Today’s guest picture was taken near Dunbar yesterday by our friend Gavin. He had gone to the East coast for his walk and had got some sunny but windy weather. The bridge crosses the river Tyne, but is only usable when the tide is out, as otherwise it is marooned in the middle of the river.
At least the wind had dropped this morning, but the temperature had dropped as well and it was 0°C when we cycled to church. The minister had put two verses of one of the hymns in reverse order on the screen which the congregation uses instead of hymn books in these Covid times. As the choir still sings from their own hymn books, it took half a verse until we were all singing from the same hymn sheet as it were.
We are still waiting for the experts to finish restoring the organ, so we were singing downstairs with a rather jangly piano again today.
It was calm enough to encourage me to go for a cycle ride when we got back home, but at 3°C it was cold enough to discourage me too. Discouragement won, and I looked out of the window and watched the birds instead. Luckily, there were quite a few to watch today. I probably should have been taking part in the BTO garden bird count but I hadn’t got organised, so I just looked and didn’t count.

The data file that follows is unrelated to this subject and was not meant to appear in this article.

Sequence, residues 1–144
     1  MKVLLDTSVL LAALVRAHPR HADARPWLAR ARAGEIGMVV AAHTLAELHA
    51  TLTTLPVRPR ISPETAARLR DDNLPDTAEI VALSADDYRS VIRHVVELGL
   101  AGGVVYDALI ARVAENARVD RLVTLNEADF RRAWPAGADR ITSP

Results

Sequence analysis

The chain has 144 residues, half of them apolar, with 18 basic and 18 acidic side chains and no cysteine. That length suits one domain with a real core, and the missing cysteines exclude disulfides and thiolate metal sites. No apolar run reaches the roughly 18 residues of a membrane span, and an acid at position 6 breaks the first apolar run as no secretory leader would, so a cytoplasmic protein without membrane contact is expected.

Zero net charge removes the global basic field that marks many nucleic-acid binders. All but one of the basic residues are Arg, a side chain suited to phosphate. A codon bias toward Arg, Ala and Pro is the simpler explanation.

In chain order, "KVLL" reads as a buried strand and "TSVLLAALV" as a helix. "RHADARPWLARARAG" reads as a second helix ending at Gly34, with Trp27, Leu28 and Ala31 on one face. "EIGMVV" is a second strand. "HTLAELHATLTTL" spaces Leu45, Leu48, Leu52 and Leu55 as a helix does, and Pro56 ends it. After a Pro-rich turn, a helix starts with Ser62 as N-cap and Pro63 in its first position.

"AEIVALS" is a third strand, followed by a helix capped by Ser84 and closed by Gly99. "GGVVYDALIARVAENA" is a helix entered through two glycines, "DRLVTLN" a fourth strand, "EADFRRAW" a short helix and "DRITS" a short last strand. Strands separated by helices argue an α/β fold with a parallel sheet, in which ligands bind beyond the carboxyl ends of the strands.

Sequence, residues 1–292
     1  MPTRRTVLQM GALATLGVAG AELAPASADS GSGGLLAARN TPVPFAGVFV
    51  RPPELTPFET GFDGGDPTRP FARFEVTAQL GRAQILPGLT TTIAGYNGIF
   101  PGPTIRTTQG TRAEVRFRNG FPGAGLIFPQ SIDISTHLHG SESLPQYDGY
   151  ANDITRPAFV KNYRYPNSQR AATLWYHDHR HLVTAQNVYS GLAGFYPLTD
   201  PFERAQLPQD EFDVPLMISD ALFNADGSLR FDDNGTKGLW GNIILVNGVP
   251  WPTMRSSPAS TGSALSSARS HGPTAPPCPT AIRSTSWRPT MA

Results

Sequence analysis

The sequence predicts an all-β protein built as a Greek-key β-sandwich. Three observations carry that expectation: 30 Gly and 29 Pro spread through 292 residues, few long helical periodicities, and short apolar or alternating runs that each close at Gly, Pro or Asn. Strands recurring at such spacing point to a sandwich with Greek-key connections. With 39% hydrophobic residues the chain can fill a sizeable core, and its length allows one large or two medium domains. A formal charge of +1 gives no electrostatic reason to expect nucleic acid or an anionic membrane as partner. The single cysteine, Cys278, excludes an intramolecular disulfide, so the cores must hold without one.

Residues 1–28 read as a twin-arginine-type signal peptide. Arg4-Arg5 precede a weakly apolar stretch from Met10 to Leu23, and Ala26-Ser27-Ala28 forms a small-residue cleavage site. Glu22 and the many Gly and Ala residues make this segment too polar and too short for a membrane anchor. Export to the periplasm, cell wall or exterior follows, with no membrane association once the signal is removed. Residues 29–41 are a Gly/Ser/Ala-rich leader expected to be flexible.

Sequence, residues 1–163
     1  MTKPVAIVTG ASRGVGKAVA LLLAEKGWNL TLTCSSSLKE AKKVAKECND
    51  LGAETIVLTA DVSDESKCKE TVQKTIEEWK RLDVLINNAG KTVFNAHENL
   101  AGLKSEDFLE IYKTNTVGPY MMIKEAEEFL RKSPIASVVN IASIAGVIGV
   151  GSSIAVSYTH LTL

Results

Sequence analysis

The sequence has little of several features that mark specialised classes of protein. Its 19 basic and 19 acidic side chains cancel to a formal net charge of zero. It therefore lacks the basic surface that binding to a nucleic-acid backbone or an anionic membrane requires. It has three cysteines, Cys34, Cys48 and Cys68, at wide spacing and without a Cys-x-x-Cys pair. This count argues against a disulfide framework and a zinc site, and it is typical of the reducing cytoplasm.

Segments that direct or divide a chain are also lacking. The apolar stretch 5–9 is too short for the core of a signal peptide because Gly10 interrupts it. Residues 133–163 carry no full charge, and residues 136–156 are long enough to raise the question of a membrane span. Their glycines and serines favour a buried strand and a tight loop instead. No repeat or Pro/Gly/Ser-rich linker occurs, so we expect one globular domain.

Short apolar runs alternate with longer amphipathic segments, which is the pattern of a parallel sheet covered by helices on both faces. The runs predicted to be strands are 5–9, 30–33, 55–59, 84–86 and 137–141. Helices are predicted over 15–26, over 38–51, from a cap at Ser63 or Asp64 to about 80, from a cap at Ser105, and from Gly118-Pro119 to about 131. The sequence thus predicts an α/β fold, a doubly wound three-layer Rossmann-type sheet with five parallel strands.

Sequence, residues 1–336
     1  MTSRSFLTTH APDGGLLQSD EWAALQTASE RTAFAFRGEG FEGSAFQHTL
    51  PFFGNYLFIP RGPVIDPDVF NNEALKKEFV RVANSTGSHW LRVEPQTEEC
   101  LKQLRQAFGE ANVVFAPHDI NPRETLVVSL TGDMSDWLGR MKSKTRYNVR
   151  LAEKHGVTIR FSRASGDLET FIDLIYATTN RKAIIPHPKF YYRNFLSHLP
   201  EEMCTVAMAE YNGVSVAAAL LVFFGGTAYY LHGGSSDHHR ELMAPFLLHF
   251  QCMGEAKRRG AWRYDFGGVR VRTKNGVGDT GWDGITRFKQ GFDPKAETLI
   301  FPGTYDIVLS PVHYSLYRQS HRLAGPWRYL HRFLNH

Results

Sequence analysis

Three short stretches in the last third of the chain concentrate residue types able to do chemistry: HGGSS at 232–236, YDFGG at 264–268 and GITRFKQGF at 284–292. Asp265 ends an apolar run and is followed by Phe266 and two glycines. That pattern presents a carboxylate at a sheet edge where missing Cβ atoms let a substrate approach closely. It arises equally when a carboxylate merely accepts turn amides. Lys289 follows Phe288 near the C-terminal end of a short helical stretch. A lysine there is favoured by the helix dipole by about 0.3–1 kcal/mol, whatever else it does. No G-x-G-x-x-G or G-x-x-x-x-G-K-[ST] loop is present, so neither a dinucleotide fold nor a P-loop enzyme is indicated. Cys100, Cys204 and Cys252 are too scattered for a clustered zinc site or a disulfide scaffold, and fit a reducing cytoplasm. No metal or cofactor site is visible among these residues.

I started with a goldfinch and a siskin . .
. . . and they were followed by two chaffinches.
I filled the feeder up and we soon had a full house.
Then things got busy.
As well as jackdaws, which didn’t stop for a picture, I saw pigeons . . .
. . . and blackbirds on the ground.
Rather to my surprise, I saw something else too. It started as a little brown bird with its back to me, and then it turned round, hopped about, disappeared and reappeared . . .
. . . and finished up with a nice pose.
I see a wren fairly often in the garden, but very rarely for more than a second or two as it flits about. This was a real treat.
We had bacon sandwiches for lunch, and then I just had time for a quick three bridges walk before going to Carlisle.
There are still berries on the cotoneaster under our window. The blackbirds like these berries but we haven’t had as many of them in the garden this winter as usual.
The wind had started to get up a bit by this time, and as it was gloomy too, it felt very chilly as I walked up to the Sawmill Brig. My heart was warmed though, by the sight of a dipper perched on a log above the bridge.